St. Barnabas was a Hellenized Jew who joined the Jerusalem church sometime soon after Christ's crucifixion.  We are told still suspicious  that he sold his property and gave the proceeds to the community (Acts 4:36–37). He was one of the Cypriots who founded (Acts 11:19–20) the church in Antioch, where he would later preach.    St. Barnabas comes as close as anyone outside the Twelve to being a full-fledged apostle.  He was closely associated with Saint Paul—in fact, he introduced Paul to Peter and the other apostles.  He served as a kind of mediator between the Paul the former persecutor and Jewish Christians still unsure about Paul.  According to Acts 13, Barnabas was set apart, or as we would say today, ordained, to serve the Lord as a pastor.

The Office of Pastor has had its ups and downs.  There was a time not terribly long ago when seminaries were filled and the Church was recruiting the brightest and best to be shepherds of God’s people.  Now is not that time.  The seminaries are relatively empty and fewer pastors are coming out than are retiring.  I should know a little something about that.   Now it is more likely that a young man wants to be a pastor but parents and friends talk him out of it.  The shine has gone off the office and we no longer esteem the office as high as we did once.  And it shows.

Instead of encouragement we hear words of caution.  Perhaps that is wise.  We live in a time of uncertainty, when congregations are more likely to diminish in size than grow, and when conflict and turmoil is outside and inside the Church of God.  It is not simply the times.  Jesus told the blunt truth.  “Behold I am sending you out as a sheep among wolves. Go, and be hated. Be destroyed.”  Even if Jesus did say it, we are probably not going to put it on any recruitment posters.   You cannot build a Church by being hated or destroyed.  Right?  But that is the offense of Jesus.  He built His Church on the rejection of religious leaders, the scandal of undeserved suffering, and a death that was not His to die.

St. Barnabas was set apart – I don’t know why translators refuse to use the word ordained –  to preach the foolishness of the Gospel to Gentiles.  In short order, he found himself in the midst of controversy, trouble, trial, and threat.  But St. Paul was hard to turn down and no one could deny the need was great.  So Barnabas took up the cause of pure doctrine, the preaching of the Gospel, the instruction in the faith for those who knew none of it, and served the Lord where He was placed.
Soon Barnabas headed over to Jerusalem for the first of many such church gatherings to decide if circumcision saved or Christ saved.  Everyone says pastors should not be political but this was politics in the biggest way.  Paul was there and Peter.  So much was hanging on the outcome of the council.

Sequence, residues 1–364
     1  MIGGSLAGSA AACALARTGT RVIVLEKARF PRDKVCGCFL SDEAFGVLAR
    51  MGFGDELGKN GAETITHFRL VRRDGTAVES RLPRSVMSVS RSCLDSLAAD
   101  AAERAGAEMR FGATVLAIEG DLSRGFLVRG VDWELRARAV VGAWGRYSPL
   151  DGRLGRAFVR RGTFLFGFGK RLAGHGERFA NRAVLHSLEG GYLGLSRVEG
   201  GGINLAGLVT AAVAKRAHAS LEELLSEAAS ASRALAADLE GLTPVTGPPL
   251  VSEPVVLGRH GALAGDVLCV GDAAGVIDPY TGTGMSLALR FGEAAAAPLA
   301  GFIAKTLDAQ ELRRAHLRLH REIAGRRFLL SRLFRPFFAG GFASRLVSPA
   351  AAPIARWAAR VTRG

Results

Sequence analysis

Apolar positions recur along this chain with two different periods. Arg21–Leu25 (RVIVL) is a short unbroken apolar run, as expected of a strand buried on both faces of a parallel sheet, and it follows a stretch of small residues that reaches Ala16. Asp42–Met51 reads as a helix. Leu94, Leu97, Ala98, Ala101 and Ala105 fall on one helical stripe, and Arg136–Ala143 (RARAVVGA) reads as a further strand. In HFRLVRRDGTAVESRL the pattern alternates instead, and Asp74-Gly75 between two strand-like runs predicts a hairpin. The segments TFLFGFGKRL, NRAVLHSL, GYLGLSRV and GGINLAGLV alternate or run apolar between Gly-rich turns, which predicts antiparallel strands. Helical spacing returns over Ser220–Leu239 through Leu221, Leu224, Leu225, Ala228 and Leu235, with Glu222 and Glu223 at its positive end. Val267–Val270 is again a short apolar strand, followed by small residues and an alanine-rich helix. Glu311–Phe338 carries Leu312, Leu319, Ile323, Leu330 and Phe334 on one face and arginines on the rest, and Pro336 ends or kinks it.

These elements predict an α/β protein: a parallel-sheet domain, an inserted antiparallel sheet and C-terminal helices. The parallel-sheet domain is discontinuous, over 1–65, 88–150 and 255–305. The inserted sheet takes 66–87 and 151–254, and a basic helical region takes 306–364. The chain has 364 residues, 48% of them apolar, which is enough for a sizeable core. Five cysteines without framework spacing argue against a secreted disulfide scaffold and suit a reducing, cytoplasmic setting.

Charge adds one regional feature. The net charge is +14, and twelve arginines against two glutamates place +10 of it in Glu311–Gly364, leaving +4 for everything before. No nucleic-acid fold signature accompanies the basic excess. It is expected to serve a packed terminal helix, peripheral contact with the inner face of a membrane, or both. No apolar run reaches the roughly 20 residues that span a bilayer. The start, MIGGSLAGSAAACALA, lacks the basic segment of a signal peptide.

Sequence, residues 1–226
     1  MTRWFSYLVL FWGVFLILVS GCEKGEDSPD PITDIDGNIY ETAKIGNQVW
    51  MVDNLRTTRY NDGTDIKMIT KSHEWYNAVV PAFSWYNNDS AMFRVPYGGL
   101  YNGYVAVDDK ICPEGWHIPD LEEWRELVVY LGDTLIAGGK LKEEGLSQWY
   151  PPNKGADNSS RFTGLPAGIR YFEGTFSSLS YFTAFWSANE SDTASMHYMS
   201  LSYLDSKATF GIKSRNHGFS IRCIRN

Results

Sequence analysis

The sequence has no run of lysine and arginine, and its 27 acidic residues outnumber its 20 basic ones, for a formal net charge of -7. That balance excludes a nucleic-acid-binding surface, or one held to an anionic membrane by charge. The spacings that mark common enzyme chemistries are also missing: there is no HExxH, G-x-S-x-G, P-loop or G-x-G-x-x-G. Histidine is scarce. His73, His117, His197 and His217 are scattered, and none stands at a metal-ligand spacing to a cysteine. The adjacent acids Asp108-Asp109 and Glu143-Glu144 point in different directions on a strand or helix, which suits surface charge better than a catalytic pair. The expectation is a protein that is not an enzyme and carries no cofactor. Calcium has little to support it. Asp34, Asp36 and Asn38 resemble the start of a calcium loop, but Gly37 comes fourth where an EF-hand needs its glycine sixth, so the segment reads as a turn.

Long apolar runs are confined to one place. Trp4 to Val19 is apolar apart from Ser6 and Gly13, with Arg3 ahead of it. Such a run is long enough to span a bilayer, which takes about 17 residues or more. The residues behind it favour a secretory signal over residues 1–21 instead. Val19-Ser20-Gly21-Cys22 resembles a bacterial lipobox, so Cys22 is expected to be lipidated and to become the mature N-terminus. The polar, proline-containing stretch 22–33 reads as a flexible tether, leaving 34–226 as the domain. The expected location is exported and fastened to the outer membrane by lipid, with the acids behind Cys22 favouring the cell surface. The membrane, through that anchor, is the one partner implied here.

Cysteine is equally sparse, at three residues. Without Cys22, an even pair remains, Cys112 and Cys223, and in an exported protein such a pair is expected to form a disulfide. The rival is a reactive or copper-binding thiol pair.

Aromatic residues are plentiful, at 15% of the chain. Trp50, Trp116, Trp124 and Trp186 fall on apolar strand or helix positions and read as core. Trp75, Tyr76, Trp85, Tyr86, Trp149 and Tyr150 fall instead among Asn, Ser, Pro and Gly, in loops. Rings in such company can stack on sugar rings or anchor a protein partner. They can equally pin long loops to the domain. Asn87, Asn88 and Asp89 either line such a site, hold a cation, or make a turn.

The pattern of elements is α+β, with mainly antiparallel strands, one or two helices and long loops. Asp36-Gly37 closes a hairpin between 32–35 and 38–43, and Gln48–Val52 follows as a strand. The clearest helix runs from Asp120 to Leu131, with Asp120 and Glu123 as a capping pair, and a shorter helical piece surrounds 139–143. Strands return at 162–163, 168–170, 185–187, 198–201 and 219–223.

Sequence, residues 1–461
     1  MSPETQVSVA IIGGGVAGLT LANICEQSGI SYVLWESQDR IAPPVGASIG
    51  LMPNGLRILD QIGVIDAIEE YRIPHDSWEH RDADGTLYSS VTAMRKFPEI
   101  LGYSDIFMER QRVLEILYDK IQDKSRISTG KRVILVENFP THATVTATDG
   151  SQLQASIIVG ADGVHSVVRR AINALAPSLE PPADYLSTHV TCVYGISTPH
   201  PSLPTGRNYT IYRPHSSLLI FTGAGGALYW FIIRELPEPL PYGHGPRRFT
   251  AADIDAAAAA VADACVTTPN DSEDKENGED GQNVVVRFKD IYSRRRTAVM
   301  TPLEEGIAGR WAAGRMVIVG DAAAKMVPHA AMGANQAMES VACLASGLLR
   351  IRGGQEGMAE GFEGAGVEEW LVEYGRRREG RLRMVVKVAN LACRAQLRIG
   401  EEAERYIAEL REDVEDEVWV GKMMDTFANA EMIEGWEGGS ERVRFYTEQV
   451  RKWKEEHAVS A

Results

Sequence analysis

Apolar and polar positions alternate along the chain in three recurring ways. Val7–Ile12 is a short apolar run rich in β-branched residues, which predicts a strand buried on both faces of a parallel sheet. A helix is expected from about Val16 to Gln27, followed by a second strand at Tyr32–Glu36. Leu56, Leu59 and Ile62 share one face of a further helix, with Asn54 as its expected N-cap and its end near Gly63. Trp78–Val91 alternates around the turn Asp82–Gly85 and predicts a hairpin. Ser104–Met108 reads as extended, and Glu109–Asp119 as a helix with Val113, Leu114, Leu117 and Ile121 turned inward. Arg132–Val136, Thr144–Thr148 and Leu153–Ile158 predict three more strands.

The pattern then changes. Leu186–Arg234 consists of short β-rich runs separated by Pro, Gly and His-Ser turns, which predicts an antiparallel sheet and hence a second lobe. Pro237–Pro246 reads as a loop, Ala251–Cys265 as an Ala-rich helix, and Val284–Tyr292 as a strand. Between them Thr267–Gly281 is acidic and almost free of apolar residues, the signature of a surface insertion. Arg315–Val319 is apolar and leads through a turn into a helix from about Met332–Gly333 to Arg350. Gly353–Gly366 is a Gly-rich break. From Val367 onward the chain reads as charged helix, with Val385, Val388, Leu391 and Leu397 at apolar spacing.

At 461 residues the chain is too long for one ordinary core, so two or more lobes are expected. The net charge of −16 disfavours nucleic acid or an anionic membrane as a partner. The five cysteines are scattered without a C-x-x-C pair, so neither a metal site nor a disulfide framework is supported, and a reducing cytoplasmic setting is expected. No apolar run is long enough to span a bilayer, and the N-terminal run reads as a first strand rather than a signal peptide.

It was not long after that one was settled that there was a falling out between Barnabas and Paul.  It was over another, John Mark.  St. Paul was not about to give a second chance to the guy who had left him alone in Pamphylia but Barnabas was inclined to forgive him.  Later the mighty St. Paul repented and they reconciled again.  That is how the Gospel works.  While we are always dividing, the mercy of God is bringing us back together by the blood of Christ.

It is still that way.  Friends part and enemies unite.  The pews are filled with folks who were once besties and fell out.  Unlike the world, however, there is one who can reverse the unfriending by His blood.  That is the stuff of the Gospel and the work of the Pastor.  You hear it here every Sunday – first thing before anything else.  Thought, word, and deed.  The evils done and the good not done.  Begging the Lord to forgive is one step past an apology.  We ask the Lord to do what He has promised and so He does.  The pastor stands and forgives us in Christ’s name.

In a world of Amazons and Googles, it does not seem to be such a big deal.  But the work of the pastor endures when the mighty retail giants have fallen – can any one remember Kmart or Sears?  The work of the kingdom is always foolishness done by those whom the world deems insignificant.  No one should desire to be a pastor because you want to make a difference in this world.  Get an MBA if you want to do that.  But if you want to be a part of something that will endure when the structures of this world pass away, the ministry is still looking for a few good men.  If you want to be part of something bigger than sales figures or profits, the ministry is still looking for a few good men.  If you want to be part of something that offers forgiveness to the guilty, salvation to the undeserving, and life to the dead, the ministry is still looking for a few good men.

So what does this have to do with the rest of us?  Esteem this office highly, honor your pastors, and encourage young men to consider it.  Pray for those preparing for the pastoral office and for those who stand before you with the gifts of God every week.  Do not belittle the Word of God or the need to true and pure doctrine but honor the Word by reading it and doctrine by confessing the truth with conviction.
Offer yourselves to God’s service where you are.  Build up your home with God’s Word and prayer.  Forgive one another as God has forgiven you.  Extend to the new faces the welcome of God into this house of prayer.  Open your books and your mouths to sing with joy for all He has done.  Do not absent yourselves from the Lord’s House and don’t make your pastor come looking for you because you failed to show up.  Share the news of Christ crucified and risen with those around you.  Open up your wallet and give generously and joyfully to the Church as the highest priority.  Open up your calendar and serve the Lord with your time and your talents – God knows we have plenty of places and needs.  Do not be quick to judge your pastor as unworthy and be patient with him as he juggles family at home and God’s family here.  Give him your attention more than fancy compliments and take to heart what he preaches and teaches.  Listen to him as he advises you.  While you are at it, even as you support this congregation with your tithes and offerings, find another mission and help others near or far in the work of the kingdom beyond your neighborhood.  Our congregation is collecting for the Lutheran Church in England which is struggling now.  Tell them you are their brothers and sisters with generous gifts for the English Lutheran Church.  You get my drift.

The boys among us will see what you do, realize how important this work is, and join to serve with Barnabas and the pastors across the ages right down to this one here now.  You will reap the fruits of your efforts when there are men to serve you in Christ’s name when this one standing in front of you is long forgotten.  And on the last day, the Lord will recount the record of what you have done along with the good work of pastors and church workers of all kinds, giving you the privilege of having the good works you have forgotten recalled and rewarded.  It sounds kind of foolish in a world looking for profits but it makes perfect sense in the economy of the Kingdom of God.